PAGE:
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Well, so much for maintaining a weekly posting schedule over the summer!  It is now late-September and our brief sun-time is waning.  Last Saturday was our final Farmer’s Market of the year, and this morning we saw our first snowflakes.  I’ve dug all my potatoes and stored them carefully away. (Good thing we didn’t get too many, since storage would be an issue – no root cellar.  Still, I’d have liked to get a bit more than “about double” what I planted.)  There are still carrots and beets in the ground.  Frost and moose very sweetly took care of the rest of my vegetable garden.  The Boy is now quite fond of moose, since he didn’t have to choke down any kale or cauliflower this year.  There is still buckwheat to harvest, and maybe enough barley to make a couple pots of soup.  And I just collected the last of the tomatoes and peppers from the greenhouse.  Oh, and we tried growing a couple of tomato family relatives called “Sunberries” and “Garden Huckleberries,” which are supposed to produce mega crops of dark purple berries that are best picked after a few frosts.  Well, maybe the “mega” part works farther south.  I picked a handful of Sunberries from the 35 or so plants I put in, but the Garden Huckleberries barely even set fruit.  Fortunately, those were two gift seed packets from Mom-in-law (Hi, MIL!).  They were actually a few years old, which is why I started so many – I didn’t really think many would germinate.

Though we did get some produce (enough to be thankful for!) it’s been a kind of disappointing year in the garden.  While I did manage to get some ripe tomatoes and enough summer squash to not mind composting a couple, we were overrun by chickweed

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The chickweed is still growing.

and bird vetch

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Bird Vetch – the Kudzu of the North

(and plantain, lamb’s quarters, dandelions and clover . . . ), and it was a very wet summer.

We did not get very far in our horizontal priority list, but we did manage to move our ducks outdoors! Hoorah!  The Husband build a lovely outdoor coop for them, with a nice enclosure, several covered areas and a pool for bathing.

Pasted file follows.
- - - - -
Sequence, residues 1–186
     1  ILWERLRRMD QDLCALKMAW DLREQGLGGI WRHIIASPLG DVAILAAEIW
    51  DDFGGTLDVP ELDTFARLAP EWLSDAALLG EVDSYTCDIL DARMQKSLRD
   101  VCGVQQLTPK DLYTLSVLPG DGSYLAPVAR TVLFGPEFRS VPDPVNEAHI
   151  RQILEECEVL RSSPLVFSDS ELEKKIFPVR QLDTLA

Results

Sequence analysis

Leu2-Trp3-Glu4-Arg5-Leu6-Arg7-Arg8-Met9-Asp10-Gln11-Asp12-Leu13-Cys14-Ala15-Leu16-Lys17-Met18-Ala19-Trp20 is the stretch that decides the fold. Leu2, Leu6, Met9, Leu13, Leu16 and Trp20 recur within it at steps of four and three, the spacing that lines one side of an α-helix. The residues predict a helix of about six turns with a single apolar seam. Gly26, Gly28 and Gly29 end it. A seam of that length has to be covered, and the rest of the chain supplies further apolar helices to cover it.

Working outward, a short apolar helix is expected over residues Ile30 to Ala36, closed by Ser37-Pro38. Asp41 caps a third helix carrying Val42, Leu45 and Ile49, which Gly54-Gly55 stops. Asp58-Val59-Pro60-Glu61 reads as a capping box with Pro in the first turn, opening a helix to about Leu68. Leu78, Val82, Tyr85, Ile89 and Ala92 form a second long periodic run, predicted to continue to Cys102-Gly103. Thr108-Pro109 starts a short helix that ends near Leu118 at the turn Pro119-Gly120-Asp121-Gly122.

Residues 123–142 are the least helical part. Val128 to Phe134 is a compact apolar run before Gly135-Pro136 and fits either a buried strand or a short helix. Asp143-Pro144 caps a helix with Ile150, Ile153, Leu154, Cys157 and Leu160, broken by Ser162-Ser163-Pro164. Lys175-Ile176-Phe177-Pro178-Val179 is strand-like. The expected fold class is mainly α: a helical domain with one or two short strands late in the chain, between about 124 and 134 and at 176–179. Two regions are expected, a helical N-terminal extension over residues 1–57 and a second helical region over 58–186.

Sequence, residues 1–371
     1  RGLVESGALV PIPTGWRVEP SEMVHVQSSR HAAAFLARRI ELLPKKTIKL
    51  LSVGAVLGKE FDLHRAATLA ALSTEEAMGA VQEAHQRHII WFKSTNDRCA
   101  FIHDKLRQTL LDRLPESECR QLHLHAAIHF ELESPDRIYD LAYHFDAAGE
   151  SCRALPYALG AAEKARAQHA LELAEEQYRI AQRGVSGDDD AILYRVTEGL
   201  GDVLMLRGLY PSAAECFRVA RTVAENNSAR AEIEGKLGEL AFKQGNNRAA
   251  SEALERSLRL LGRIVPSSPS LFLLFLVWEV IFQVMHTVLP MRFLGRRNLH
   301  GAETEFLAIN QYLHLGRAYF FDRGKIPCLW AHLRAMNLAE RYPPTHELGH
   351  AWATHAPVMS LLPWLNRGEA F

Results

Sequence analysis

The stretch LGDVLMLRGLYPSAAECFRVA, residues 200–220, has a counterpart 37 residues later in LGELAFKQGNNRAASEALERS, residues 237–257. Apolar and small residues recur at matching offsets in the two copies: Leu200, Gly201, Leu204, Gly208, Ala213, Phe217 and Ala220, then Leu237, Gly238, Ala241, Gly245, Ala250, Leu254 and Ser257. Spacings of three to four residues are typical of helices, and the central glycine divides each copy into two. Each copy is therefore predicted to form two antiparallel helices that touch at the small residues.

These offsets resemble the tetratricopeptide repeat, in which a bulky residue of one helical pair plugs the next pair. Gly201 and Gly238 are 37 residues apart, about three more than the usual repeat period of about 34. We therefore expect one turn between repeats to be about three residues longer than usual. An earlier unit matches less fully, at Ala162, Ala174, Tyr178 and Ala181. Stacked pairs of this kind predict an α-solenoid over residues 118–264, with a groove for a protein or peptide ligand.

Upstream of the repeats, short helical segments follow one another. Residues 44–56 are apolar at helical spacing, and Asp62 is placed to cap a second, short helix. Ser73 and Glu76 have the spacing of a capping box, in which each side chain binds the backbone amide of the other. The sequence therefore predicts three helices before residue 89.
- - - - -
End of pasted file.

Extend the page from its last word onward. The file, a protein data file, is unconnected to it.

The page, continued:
They weren’t exactly “free-range”; there are too many free-range dogs and cats in our neighborhood to let them wander the property outside of a sturdy fence, and the property is too large to enclose (well, with our budget).  They did get to spend most of the summer outside, though, eating all the mosquitoes their little hearts desired (and as much chickweed as we could give them).  Meanwhile, the indoor coop has had a makeover.  The Husband emptied and cleaned it, and we’ve repainted the coop side with fresh white paint and polyurethane to protect the floor.

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I had to include The Husband or it would have been hard to see anything in the all white coop.

 

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Ducks back in their winter quarters

We are still working on the storage/work side.  That part can be done with the birds back inside, but since the return to winter quarters had to happen, those quarters needed to be ready first.

Currently we have 20 ducks and 2 bantam chickens.  They all returned to the coop but some are just visiting.  Several, at least, will take up residence in our freezer in a week or two.  Egg production has declined somewhat this year, and our spring hatching disappointingly produced only three healthy ducklings (and one of those even needed some help to get out of her shell).  Time to bring in some fresh blood.  Next spring we’ll order some new birds to improve the gene pool a bit.  We considered just starting over in the spring and sending all of them to the freezer, but that would mean no fresh eggs at all over the winter.  Store-bought isn’t enticing after having fresh for so long!  Also, we don’t have a stand-alone freezer.  Trying to fit 20 ducks in the above-the-refrigerator space would be a nightmare.  Hopefully, now that the birds have returned to the consistent 14-hour days and 50-60 degree temps of the indoor coop, they will think they’ve already been through winter and start laying like crazy.  If they don’t, we’ll have to do some investigating to find out who’ll survive the cull.

This time of year is always fun.  All the many things that should have gotten done over the summer but didn’t are still waiting.  School has started for both the teacher Husband and the homeschool Family.  The weather always seems to be gorgeous on days we are scheduled for indoor activities and iffy, at best, on those days we could work on those let’s-just-get-it-done tasks.  Let me tell you, wading through wet, waist-high bird vetch and slipping on overgrown chickweed to pick buckwheat in the cold rain is not my favorite part of autumn.  It’s all good, though.  The smell of autumn, the return of sunsets and the sight of the butterscotch birch and cottonwood leaves against the intense blue or smoky gray of the sky makes up for the yucky bits.